Derbyshire & Nottinghamshire
Entomological Society


The Alien Harlequin Ladybird in Derby
by Bill Grange - May 2006

The invasion of Britain by the East Asian harlequin ladybird, Harmonia axyridis, a voracious insect, deliberately and irresponsibly introduced as a pest-control agent to France and Belgium, poses a great threat to our native ladybirds and other insects. The first sightings were in Essex in 2004 and subsequently many other places in the southeast, with a few records elsewhere, as far north as Burnley. This included a single specimen found in Darley Abbey in Derby, found in October of that year.

On 11th March, 2005, I was startled to see an odd-looking ladybird in the sink of a work-room in the annexe of Derby Museum and Art Gallery, where I am based. My suspicion that it was a harlequin was virtually confirmed by a glance at pictures on the Internet. I sent a photograph of the specimen to Paul Mabbott, Sheffield-based entomologist who is a key worker in monitoring the invader, and he confirmed my tentative identification.

It was an unwelcome discovery, but I did wonder if it might have been an 'artificial' occurrence in that a lady member of staff had recently watered a potted plant, purchased in Sainsbury's, in the sink where I found the ladybird. The insect could therefore have been transported from the southeast or even from abroad. This possibility seemed to be confirmed by the absence of further sightings for several weeks, but ruled out when, on 3rd May, I captured a mating pair of Harmonia axydridis on the ivy surrounding the tall lime tree, which stands in Museum Square, which the annexe overlooks. This wasn't without difficulty as in my excitement I put too much pressure on the glass specimen tube and broke it, cutting a finger!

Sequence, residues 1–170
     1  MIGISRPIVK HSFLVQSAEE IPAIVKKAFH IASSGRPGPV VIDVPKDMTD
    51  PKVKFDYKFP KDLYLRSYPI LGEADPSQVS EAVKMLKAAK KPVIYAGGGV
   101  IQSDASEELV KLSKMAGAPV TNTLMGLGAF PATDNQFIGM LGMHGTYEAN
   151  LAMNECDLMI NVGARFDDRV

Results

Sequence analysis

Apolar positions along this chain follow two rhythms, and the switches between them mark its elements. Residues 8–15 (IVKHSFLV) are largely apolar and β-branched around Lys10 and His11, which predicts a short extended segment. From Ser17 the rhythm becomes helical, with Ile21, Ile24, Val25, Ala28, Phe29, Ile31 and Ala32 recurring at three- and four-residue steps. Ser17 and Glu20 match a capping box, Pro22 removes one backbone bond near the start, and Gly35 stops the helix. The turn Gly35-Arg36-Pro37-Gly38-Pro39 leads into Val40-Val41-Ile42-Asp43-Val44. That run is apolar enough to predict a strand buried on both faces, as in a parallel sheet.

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Harlequin Ladybird Adult, Typical Form, Friargate Station, Derby, June 2005. Photo © Bill Grange

Harlequin Ladybird Adult, Unusual form, Friargate Station, Derby, June 2005. Photo © Bill Grange

From that time up to the beginning of July I collected several more specimens of the alien, both adults and larvae, the latter very dark in colour, with distinctive orange processes on the abdomen; a few from the courtyard of the annexe where I first 'spotted' my first one, and several at the old Friargate station site, a short distance away in the City Centre. The southern part of Darley Park, less than a mile away along the Derwent, furnished a few more, with a single specimen at Darley Abbey. Alerted by me, staff at Pickford's House Museum, just across the road from Friargate Station, began to find more on and around the large lime tree in the attractive small garden there and this has proved to be something of a hot spot. I saw more harlequins in the churchyard of St. Werburgh's Church near to the Central Museum. All the above locations continued to produce specimens of the alien throughout the year.

Harlequin Ladybird Larva, Darley Park, Derby, June 2005. Photo © Bill Grange
I informed the Derby Evening Telegraph of developments and following a very eye-catching article, featuring a cartoon depicting me as an A.R.P warden fending of hordes of giant ladybirds, members of the public started to bring more specimens in to the Museum (and some wrongly identified native ones, too). Most of these were from the City centre area including, again, Darley Park, Duffield Road and the Friargate area, with two specimens from Allestree to the far north of the city and one from Mickleover in the far west. A further specimen, brought in from Littleover, on 20th July, turned out to be an Eyed Ladybird, our largest native species, even larger than the Harlequin. This is a very unusual record as this spectacular species is usually found on pine-covered heathland. During August further specimens of the Harlequin turned up - along the Markeaton Brook in the City Centre and from the city end of the Burton Road.